Original languageEnglish (US)
Pages (from-to)17-24
Number of pages8
JournalInternational Journal of Obstetric Anesthesia
Volume27
DOIs
StatePublished - Aug 1 2016

Fingerprint

Mothers
Skin
Area Under Curve
Epidural Anesthesia
Spinal Anesthesia
Operating Rooms
Breast Feeding
Newborn Infant
Safety

Keywords

  • Cesarean delivery
  • Epidural anesthesia
  • Sedation
  • Skin-to-skin
  • Spinal anesthesia

ASJC Scopus subject areas

  • Obstetrics and Gynecology
  • Anesthesiology and Pain Medicine

Cite this

@article{f7e0bd35e4d4490187af7859c5c9a6de,
title = "Maternal sedation during scheduled versus unscheduled cesarean delivery: implications for skin-to-skin contact",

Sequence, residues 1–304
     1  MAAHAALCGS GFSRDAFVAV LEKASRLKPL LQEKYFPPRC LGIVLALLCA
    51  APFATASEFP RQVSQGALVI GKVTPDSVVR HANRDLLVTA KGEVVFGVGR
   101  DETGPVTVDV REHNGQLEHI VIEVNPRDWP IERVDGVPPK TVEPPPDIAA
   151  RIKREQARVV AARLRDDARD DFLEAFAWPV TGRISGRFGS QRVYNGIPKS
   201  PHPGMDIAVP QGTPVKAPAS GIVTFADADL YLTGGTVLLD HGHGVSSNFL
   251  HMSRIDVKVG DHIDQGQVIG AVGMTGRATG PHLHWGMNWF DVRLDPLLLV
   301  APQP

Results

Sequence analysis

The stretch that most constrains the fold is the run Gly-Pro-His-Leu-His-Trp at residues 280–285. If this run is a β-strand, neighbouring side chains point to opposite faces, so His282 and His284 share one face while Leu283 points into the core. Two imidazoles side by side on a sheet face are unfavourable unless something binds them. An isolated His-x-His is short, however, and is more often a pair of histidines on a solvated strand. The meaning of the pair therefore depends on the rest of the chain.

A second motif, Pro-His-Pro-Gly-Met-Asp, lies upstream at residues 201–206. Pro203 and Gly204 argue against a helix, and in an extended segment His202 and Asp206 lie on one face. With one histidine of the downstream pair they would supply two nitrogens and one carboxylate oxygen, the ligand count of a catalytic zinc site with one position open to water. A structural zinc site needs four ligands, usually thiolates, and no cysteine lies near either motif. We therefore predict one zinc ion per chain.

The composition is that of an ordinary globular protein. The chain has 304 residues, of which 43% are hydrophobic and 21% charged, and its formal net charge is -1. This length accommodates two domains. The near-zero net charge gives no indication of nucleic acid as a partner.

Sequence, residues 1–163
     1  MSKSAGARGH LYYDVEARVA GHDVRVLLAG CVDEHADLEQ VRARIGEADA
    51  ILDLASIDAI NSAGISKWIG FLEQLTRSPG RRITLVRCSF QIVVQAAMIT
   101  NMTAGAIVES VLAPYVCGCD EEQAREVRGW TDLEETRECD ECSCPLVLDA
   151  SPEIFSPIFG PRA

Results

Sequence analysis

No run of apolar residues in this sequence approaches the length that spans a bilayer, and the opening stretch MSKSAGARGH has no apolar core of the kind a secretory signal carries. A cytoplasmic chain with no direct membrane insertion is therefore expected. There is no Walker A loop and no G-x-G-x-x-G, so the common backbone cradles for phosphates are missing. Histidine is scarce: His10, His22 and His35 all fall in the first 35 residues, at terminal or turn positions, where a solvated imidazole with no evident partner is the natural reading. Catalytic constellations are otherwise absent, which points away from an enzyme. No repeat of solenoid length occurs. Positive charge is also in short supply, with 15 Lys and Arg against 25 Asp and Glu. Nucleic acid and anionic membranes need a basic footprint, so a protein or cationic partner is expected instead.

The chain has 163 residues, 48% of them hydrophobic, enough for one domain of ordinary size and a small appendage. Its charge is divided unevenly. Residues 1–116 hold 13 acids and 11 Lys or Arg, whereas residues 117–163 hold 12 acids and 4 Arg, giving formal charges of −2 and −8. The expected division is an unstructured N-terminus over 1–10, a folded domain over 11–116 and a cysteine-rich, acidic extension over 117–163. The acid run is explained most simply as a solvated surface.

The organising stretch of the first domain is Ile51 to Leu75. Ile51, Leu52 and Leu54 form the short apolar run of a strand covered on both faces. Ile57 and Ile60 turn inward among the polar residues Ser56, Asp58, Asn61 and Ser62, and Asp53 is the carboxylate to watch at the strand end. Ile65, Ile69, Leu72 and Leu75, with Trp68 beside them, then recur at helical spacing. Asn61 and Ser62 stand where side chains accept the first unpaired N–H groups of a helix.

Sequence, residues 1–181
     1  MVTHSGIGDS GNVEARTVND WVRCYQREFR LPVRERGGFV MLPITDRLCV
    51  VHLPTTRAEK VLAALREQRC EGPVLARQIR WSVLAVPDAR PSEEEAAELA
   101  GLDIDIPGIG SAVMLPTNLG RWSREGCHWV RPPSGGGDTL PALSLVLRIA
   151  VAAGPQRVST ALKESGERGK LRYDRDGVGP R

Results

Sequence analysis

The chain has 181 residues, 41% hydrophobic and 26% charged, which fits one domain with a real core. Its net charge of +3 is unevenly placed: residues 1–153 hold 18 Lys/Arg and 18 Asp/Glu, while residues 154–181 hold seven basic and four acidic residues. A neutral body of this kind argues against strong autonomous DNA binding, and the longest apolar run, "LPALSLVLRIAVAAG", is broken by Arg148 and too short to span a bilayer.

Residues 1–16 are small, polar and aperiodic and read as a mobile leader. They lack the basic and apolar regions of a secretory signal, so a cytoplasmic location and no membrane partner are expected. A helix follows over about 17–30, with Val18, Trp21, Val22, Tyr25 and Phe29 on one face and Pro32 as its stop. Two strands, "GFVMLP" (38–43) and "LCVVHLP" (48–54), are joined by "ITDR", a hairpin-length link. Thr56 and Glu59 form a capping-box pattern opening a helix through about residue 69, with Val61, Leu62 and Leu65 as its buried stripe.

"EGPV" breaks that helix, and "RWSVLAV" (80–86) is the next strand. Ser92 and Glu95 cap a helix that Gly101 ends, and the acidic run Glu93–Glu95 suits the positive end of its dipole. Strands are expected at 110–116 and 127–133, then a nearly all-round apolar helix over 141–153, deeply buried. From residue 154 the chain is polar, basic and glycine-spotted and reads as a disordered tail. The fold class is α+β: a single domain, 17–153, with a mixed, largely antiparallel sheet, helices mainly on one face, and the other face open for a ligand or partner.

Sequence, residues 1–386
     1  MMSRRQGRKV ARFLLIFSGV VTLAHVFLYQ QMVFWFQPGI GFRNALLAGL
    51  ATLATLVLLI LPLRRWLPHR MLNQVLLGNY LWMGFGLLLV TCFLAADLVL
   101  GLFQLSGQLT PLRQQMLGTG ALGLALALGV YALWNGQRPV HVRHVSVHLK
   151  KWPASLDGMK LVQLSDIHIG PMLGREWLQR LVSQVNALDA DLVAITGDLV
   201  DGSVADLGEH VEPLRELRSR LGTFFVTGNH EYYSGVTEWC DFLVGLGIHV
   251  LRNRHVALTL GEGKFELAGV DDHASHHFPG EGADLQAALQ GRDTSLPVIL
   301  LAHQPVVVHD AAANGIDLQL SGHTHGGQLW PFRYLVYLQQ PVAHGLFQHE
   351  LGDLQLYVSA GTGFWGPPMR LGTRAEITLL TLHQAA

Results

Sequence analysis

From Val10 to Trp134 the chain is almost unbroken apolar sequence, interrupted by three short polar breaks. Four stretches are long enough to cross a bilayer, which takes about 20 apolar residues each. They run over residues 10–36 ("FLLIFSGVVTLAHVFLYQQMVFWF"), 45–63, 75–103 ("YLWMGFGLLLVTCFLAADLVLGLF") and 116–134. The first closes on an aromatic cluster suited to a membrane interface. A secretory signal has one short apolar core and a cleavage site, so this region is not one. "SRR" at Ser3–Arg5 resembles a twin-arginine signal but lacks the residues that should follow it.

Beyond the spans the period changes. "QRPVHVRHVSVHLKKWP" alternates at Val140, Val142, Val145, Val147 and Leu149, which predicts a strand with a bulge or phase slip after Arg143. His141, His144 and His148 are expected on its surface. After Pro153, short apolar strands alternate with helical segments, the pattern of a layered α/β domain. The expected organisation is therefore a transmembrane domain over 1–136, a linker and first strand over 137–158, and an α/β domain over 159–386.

abstract = "Background Early maternal skin-to-skin contact confers numerous benefits to the newborn, but maternal sedation during cesarean delivery could have safety implications for early skin-to-skin contact in the operating room. We compared patient-reported and observer-assessed levels of sedation during unscheduled and scheduled cesarean deliveries. Methods Laboring women undergoing unscheduled cesarean delivery with epidural anesthesia, and scheduled cesarean delivery with spinal anesthesia were enrolled. Sedation levels, measured using patient-reported (1=least sedated to 10=most sedated) and observer-assessed (0=most sedated to 5=least sedated) scales, were evaluated at baseline and 15, 30, 45, and 60 min following a T4 sensory level. The primary outcomes were patient-reported sedation at 45 min and the areas under the sedation curves. Results Patient-reported levels of sedation were greater at 45 min in laboring women undergoing unscheduled (median 7.5, IQR 5–9) versus scheduled cesarean delivery (median 4, IQR 3–6) (difference in medians 3.5, 99{\%} CI 0 to 5). Observer-assessed sedation was not different between groups. The area under the time curve for patient-reported sedation was greater in the unscheduled group, median difference 162 score min (95{\%} CI 52 to 255). The area under the time curve for observer-assessed sedation was greater in the unscheduled group, median difference 26 score min (99{\%} CI 0 to 41). Times to skin-to-skin contact and breastfeeding were not different. Conclusions Women undergoing unscheduled cesarean deliveries are more sedated than women undergoing scheduled cesarean deliveries. Skin-to-skin protocols for cesarean deliveries must consider maternal sedation and anesthesiologists should use sedating medications judiciously.",